The first homes had difficulty being entirely “off-grid”; some complained about extreme temperatures or lack of water or other comfort issues. Many of the first homes had composting toilets, but are now mostly using a system involving a solar-enhanced septic tank with leach-field and planter cells. As time went on, these kinks started to unravel and the technology got better and better and more comfortable to live within.

Rammed tire walls

Mike’s most common design involves using recycled tires and ramming them full of earth until they have great load-bearing capacity, thermal mass and resistance to fire. They are then plastered and decorated. You would never know they were once old tires underneath. So why are we not building most homes using these types of technologies yet?


It’s coming, slowly, but surely. People seem reluctant to invest in something they consider “experimental”, especially when they themselves and their families will be living within it. Earthship rental properties available in Taos, New Mexico that offer people the chance to see what it’s like to live in this type of home seem to be an encouraging idea.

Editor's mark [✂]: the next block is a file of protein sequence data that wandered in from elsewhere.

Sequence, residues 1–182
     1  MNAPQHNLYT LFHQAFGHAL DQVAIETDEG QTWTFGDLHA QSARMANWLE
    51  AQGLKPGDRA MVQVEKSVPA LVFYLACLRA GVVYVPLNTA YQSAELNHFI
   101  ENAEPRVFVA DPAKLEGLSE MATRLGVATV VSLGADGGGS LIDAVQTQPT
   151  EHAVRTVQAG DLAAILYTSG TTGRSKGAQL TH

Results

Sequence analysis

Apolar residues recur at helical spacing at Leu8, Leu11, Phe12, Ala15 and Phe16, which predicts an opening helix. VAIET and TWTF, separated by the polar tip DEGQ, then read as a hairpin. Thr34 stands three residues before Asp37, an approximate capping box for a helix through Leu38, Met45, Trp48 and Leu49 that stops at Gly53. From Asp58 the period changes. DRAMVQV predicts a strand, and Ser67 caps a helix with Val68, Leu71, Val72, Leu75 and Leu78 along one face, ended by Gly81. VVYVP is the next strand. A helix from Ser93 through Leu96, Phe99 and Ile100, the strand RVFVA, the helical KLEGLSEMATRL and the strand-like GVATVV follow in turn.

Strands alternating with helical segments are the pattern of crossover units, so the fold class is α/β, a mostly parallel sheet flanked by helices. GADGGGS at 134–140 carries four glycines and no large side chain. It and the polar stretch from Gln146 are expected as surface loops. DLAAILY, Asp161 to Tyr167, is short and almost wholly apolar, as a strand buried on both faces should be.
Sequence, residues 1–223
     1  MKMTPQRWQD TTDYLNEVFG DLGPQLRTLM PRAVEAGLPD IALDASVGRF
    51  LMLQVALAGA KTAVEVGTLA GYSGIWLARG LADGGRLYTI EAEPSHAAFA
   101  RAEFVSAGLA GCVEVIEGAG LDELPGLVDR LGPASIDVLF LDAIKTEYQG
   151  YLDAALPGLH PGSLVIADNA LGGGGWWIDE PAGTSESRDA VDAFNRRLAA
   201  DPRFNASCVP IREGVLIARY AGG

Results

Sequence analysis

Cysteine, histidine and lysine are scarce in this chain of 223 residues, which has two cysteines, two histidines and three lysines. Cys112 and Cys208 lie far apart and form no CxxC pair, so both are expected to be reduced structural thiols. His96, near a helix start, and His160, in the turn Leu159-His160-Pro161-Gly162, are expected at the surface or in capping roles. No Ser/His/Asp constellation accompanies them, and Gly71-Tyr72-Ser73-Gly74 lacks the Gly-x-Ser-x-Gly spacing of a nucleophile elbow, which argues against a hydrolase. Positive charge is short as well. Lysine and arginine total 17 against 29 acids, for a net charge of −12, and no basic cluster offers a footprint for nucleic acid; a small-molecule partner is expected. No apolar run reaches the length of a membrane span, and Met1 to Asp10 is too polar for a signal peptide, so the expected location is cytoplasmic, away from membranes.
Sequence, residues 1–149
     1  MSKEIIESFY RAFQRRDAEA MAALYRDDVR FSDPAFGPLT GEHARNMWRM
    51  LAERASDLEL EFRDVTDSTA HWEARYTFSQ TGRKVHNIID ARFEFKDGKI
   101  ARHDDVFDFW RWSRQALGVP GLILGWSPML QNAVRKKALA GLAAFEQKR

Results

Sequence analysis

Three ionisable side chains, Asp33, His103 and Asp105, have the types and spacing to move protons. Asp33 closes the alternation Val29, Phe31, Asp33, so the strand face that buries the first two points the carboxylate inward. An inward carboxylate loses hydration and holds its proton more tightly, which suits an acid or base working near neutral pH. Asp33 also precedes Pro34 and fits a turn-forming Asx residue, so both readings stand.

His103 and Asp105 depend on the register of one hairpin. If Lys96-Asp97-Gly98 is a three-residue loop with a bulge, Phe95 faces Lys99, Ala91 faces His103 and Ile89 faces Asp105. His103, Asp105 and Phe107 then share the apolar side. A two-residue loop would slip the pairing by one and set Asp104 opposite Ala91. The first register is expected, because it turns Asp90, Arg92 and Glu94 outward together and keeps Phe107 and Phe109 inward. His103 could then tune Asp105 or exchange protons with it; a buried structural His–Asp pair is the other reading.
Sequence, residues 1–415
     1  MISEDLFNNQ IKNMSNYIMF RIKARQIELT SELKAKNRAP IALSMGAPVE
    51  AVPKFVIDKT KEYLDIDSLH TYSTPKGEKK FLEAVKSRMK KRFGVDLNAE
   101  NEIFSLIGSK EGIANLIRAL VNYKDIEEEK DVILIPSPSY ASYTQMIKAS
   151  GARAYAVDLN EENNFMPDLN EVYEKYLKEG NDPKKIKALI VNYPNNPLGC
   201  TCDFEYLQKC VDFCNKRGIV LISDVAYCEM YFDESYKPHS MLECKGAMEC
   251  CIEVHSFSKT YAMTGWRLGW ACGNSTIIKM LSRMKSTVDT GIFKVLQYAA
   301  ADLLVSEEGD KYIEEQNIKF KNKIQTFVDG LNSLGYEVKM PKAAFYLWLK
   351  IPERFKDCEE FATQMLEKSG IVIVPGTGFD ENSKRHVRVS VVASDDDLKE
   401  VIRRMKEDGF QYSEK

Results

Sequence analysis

There are several under construction right now in Ontario. Check out here and here for some more details.  Want to learn some techniques how to build your own earthship in Ontario? Check out here and here.

A different design

Mike even exported this idea to tsunami victims in Southern Asia to help the local population rebuild cheaply, sustainably and in more weather-resistant ways. This technology is now sprouting up everywhere, with earthships from Nicauragua to India. There is a really great documentary now available on Mike’s struggle to bring out this technology called Garbage Warrior. I highly recommend you check it out!